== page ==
Sunday, 6 May 2012

Buying a Used Piano

Buying a good used piano should not be difficult, so long as you do not get carried away with what a piano looks like or by the fact that it is cheap. It is very easy to pay a lot of money for a piano that is simply not worth buying. Pianos, when they are 80 years old or more will almost certainly need some repair work, so it is essential to consider the cost of any work before you agree to buy it. 

Piano repairs are extremely time-consuming and therefore expensive. You do not want to buy a piano and have it delivered only to find that it is beyond any viable repair. Pianos are for playing music - not for stressing you out! Keep the following points in mind when you are looking to buy a piano:
  • Never get sentimental over a piano.
  • Never buy a piano just because it looks nice.
  • Buy as young a piano as your budget allows.
  • If you can, get professional help.  
Any piano may be better than no piano but if you go to the trouble of looking for a useable piano, it helps if it actually works and is tuneable. These basics cannot be assumed if you are looking for the cheapest piano available. The pianist who has to play it, might play it once and never again if he feels it is too much of a challenge. 

Generally speaking, for most piano-owners, the average time between tunings is getting longer all the time: months turn into years and all that time the pitch will be gradually sinking. Claims that a piano for sale was tuned 6 months ago, though not meant to deceive, might be a little exaggerated. A vague "recently tuned" is probably more truthful, but could mean 2 or 3 years ago!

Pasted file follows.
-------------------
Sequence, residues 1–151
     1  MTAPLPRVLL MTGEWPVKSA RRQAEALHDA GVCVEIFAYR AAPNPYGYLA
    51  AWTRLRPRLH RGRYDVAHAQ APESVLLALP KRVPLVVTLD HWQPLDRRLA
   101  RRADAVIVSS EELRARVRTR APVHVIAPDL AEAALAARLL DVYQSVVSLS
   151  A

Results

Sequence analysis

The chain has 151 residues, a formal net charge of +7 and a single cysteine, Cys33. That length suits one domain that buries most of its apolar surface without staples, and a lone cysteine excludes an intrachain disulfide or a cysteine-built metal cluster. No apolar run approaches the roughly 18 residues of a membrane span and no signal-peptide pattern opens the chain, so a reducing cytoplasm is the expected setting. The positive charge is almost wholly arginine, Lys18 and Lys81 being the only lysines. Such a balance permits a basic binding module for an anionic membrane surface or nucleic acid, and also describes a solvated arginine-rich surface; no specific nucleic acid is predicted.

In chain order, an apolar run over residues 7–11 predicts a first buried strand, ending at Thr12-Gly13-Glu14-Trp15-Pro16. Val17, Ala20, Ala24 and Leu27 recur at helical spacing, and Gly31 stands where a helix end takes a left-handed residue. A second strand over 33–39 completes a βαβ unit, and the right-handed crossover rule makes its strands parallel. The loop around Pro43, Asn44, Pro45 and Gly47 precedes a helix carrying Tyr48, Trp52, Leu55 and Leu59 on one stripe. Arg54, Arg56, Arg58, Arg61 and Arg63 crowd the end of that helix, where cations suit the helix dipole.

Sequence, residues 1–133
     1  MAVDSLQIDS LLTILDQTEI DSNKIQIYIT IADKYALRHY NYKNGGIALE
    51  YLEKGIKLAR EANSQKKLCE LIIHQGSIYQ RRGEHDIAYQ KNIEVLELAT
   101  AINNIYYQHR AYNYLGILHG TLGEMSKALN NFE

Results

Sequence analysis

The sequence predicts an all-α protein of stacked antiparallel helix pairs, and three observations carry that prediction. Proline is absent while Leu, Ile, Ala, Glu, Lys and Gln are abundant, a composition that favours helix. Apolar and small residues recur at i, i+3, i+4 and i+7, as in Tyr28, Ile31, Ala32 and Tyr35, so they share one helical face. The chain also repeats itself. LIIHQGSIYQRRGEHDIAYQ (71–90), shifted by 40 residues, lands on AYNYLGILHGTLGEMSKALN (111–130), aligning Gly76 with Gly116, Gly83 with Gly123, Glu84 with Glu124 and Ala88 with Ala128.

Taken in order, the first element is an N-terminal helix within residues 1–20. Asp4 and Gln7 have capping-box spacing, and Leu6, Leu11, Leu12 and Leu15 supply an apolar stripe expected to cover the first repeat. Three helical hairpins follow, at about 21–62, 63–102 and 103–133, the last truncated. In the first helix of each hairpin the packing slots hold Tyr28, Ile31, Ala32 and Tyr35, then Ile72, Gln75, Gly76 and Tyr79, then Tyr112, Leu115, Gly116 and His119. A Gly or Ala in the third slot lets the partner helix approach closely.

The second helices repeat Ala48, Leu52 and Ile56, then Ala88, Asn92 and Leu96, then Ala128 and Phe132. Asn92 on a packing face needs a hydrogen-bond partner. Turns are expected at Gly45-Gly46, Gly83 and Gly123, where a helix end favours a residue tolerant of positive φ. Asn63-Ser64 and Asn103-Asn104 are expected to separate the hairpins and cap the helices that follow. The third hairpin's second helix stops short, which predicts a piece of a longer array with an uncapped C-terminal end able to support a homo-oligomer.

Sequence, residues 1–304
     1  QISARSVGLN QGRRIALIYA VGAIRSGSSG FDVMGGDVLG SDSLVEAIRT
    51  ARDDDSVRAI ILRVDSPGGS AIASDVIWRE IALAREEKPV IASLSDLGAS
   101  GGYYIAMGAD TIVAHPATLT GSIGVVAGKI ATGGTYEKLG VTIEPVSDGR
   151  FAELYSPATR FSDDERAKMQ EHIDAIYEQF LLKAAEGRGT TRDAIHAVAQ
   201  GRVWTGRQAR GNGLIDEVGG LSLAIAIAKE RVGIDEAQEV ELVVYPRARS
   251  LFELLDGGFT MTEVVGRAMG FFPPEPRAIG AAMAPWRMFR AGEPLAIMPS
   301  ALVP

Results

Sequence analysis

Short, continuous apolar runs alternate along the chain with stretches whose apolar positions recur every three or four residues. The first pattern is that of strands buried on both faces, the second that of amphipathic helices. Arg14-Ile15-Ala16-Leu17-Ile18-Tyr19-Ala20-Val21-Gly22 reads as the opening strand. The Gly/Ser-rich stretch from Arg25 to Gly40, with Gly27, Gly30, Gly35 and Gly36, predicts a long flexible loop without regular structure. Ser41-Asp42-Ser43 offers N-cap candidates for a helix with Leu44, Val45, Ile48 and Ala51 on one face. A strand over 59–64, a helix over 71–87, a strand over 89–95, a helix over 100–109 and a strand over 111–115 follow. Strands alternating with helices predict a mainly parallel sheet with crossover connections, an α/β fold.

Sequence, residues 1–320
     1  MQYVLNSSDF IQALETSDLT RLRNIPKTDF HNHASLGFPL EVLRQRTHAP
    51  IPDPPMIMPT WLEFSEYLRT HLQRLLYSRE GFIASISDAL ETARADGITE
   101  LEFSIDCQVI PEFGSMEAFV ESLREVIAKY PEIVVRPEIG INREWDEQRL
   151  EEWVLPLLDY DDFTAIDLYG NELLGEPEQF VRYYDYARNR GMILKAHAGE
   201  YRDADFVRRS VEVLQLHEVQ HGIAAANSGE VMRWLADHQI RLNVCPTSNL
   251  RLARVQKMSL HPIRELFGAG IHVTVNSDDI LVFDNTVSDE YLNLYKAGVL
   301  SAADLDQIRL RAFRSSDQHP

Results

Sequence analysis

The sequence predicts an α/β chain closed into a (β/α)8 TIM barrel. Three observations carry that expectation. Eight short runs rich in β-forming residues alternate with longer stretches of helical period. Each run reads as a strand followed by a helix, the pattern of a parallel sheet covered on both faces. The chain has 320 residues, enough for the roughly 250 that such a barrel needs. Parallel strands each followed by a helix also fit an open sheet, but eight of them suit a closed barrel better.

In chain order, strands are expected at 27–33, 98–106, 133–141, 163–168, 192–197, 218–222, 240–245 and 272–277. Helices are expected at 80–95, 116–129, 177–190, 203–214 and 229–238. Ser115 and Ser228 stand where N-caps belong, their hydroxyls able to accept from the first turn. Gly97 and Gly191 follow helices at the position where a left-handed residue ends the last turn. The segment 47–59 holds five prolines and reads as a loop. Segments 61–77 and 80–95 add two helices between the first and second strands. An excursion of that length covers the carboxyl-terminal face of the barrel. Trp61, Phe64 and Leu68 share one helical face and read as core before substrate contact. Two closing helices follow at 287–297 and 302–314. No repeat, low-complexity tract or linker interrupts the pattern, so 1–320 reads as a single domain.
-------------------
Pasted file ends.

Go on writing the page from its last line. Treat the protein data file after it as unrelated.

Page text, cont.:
There can be any number of mechanical problems hidden from view, inside a pretty case. If notes do not repeat; play a couple of times and then stop working; if there are clicks and knocks every time you play a note; if the key sticks down when played... there are serious problems within! Walk away.

Of course, if you want to spend £50 and no more, then you will need a lot of luck. I hope you manage to find something, but you are very unlikely to get a reliable piano.

What makes should you look for? Don't even think of it! There were thousands of makers producing pianos that were nothing special when they were new. These are the sorts of piano that are now being sold very cheaply or even given away. To start looking for specific makers, you are at the very least, considering pianos a couple of price brackets up the scale.

You will save yourself much worry, pain and regret if you seek the advice of a trusted professional - at least to steer you away from a disastrous choice. Happy hunting!

The Piano World

© Steve Burden 

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